- Associated Press - Friday, August 19, 2016

RIO RANCHO, N.M. (AP) - After months of preparation and much paperwork, around three dozen teens from Asia, Latin America, and the Middle East received citizenship certificates Friday at a special ceremony in New Mexico.

The U.S. Citizenship and Immigration Services presented the certificates in Rio Rancho, New Mexico for minors who recently earned citizenship through their parents in a ceremony that officials say is becoming more common.

The teen, from ages 14 to 18, received citizenship after they were adopted or after a parent became a naturalized citizen. Children as young as 5-years-old also earned citizenship Friday but their certificates were mailed to their parents’ homes, said Amy West, acting field director for the U.S. Citizenship and Immigration Services office in Albuquerque.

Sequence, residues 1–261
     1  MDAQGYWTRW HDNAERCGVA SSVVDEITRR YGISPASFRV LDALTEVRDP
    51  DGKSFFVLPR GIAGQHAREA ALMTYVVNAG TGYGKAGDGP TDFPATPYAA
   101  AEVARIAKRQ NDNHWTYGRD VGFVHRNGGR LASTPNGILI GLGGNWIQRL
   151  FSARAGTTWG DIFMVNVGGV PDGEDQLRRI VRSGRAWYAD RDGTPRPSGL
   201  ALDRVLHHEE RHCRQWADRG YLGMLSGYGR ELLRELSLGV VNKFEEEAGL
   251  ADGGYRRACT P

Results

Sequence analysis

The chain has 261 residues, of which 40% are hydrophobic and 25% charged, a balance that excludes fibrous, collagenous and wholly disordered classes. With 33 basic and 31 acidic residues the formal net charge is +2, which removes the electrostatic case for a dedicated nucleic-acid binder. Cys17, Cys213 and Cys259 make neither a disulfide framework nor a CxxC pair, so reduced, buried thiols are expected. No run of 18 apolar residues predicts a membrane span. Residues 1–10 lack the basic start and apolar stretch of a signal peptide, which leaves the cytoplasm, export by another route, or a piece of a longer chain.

“When they are 14-years-old or older, it’s a requirement that you take the Oath and that’s why we have these ceremonies,” West said. “It’s an important event and not just a piece of paper.”

West administered an Oath of Allegiance in front of the families of the teens from places such as Iraq, China, Mexico, and Cuba.

Among those to take the oath in front of parents was Irving Vladimir Coronel Estrada, 15, of El Paso, Texas. The Ciudad Juarez, Mexico-born Estrada said it was important to follow in the footsteps of some family members who recently become U.S. citizens.

“It opens up a lot of opportunities, and it is a great honor,” Estrada said in Spanish. “I like it here, and I hope this helps me with my education later.”

Long Chi Vong, of Albuquerque, said it was important to become a citizen for a better life in the U.S. “You usually don’t have that in Vietnam,” said Vong, citing the country where he was born.

Vong said he plans on voting when he turns 18 but didn’t have any opinions yet on Republican presidential nominee Donald Trump or Democratic nominee Hillary Clinton.

“I’m not ready for that yet,” she said.


Follow Russell Contreras on Twitter at https://twitter.com/russcontreras . His work can be found at https://bigstory.ap.org/content/russell-contreras .


This story has been corrected to show the name of one new citizen is Long Chi Vong.

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